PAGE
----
The goal of Dishonorable Courts is to help the general public report misconduct. In order to do this, we have formulated a five step process:
1. First, we receive a report from someone who has experienced some form of misconduct. Reports may be made through our online submission form, through inmate email or through regular postal mail.
2. Next, we do a cursory review to ensure the report is something that is actual misconduct and that it is in a format that is easy to understand by our reviewing agents and the general public. During the initial review we redact information we deem inappropriate for the general public (a reporting individuals personal information, the names of anyone who may be under the age of 18, etc.)
3. After the cursory review we post the report on our website, www.dishonorablecourts.org, in the unreviewed section. This report then goes into a queue to await formal review.
4. When the review comes up in the queue, a reviewing agent begins a formal review. This review is quite exhaustive, and it is focused on finding examples of alleged misconduct and explaining how to report this alleged misconduct to the persons reporting the alleged misconduct to our site. We then post the review in our reviewed section under the categories connected to the individuals who have allegedly committed an act of misconduct. We also send copies of this review to our various mailing lists.
5. Finally, we keep in contact with the individuals who reported the misconduct and update the review whenever new information is received. If the alleged act of misconduct is found to be incorrect, we post this with the official statement by the agency that issued the formal investigation as well as send copies of the official statement to our various mailing lists.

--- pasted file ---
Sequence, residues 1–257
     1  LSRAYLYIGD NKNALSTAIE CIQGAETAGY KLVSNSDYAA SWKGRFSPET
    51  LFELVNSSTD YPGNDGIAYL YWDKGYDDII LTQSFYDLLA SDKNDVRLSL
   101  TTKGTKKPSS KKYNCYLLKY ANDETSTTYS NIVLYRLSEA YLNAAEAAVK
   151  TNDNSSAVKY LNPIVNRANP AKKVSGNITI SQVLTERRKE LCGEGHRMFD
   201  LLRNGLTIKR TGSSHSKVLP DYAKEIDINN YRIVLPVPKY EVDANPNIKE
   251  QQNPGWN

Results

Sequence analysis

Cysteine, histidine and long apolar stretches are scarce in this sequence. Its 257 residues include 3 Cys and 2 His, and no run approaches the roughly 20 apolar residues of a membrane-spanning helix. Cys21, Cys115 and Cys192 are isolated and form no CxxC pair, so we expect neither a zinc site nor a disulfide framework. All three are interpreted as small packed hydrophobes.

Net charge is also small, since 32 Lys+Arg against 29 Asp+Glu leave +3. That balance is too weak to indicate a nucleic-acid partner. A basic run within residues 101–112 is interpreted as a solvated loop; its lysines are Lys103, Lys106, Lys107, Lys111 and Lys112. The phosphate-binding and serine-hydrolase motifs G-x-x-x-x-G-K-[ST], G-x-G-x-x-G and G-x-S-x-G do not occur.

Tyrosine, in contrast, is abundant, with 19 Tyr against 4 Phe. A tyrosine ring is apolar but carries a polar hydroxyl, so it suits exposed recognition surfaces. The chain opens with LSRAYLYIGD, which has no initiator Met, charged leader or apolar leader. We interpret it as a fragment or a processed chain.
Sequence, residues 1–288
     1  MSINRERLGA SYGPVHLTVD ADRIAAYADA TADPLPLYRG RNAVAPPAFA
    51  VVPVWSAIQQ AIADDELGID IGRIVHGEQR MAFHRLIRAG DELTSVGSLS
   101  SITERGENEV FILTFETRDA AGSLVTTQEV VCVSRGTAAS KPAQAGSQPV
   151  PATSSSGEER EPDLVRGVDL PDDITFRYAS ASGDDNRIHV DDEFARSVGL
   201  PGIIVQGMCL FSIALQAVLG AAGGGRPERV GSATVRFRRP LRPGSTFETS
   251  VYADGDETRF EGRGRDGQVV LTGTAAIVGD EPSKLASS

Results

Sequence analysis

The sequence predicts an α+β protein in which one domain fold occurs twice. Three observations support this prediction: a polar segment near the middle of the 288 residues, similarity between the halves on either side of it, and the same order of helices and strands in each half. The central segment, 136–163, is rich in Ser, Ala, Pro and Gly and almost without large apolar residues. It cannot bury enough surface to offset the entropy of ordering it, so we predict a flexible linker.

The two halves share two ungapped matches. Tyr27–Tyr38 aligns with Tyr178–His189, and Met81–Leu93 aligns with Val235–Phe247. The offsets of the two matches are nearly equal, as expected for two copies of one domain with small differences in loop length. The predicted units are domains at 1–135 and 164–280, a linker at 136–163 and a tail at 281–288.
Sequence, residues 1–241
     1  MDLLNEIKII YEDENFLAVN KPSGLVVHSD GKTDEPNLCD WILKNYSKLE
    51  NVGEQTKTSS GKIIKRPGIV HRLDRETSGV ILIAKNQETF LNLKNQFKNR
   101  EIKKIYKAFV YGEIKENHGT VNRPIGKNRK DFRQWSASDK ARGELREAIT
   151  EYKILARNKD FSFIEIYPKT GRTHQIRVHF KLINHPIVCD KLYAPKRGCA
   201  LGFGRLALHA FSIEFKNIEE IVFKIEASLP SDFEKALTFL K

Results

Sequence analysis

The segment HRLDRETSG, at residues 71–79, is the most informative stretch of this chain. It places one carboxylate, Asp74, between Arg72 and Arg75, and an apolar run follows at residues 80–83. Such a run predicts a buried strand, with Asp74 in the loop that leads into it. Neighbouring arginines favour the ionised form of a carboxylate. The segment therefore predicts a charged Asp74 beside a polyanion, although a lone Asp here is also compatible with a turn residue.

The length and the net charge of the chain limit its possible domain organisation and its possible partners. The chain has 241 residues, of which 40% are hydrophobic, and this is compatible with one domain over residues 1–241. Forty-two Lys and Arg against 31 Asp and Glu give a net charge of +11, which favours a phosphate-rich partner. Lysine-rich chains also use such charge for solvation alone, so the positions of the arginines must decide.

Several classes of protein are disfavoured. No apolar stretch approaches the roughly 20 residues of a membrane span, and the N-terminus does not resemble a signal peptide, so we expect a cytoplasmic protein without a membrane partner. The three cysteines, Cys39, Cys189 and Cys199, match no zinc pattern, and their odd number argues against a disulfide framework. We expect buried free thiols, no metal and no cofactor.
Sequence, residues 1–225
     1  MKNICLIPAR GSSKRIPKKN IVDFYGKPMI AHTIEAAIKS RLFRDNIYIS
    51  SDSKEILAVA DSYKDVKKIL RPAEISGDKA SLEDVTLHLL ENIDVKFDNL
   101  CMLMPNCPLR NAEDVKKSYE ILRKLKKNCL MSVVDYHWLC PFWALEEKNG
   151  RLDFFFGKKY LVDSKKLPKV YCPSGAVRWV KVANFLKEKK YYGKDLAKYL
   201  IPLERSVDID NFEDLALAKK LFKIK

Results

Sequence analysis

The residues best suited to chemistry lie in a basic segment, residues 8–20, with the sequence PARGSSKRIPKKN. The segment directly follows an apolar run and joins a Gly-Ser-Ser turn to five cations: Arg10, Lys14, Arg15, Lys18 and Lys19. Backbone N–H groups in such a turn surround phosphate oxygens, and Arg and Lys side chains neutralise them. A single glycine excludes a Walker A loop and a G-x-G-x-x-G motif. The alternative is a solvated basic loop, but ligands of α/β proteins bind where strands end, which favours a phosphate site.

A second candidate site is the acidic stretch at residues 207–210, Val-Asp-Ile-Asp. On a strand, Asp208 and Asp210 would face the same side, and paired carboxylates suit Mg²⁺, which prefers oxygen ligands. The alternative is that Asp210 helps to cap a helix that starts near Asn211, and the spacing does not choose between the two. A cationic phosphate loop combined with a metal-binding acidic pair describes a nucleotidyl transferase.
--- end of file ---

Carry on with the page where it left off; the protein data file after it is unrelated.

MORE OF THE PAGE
Dishonorable Courts is designed to help raise public awareness of the Criminal Justice system. We believe that there is no greater crime than that of those in power abusing their privilege to manipulate and control those who do not understand the power they hold.
All governmental figures, from a sitting Judge, to a state Senator, are privileged individuals. Their privilege comes at the discretion of those who they are chosen to judge and lead. We the people of the United States of America have a right and a duty to ensure that privilege is not abused, and that comes from voting into power those who will use the privilege of leadership we grant them to help those of us they are chosen to lead.
When someone reports alleged misconduct, it is normally reviewed by the friends of those in power. It is done behind closed doors, and it is placed in a system of review that is both cumbersome and confusing. This leads most of those who have been abused to become fearful of reporting an allegation, and those who do report alleged misconduct to find the channels they have to report the allegation extremely hard to navigate.
Dishonorable Courts helps to ensure that an individual who reports an allegation of misconduct is not alone and has nothing to fear. We also seek to ensure that those brave enough to step forward know not only how to make a report of alleged misconduct, but also how to direct the allegation quickly and efficiently.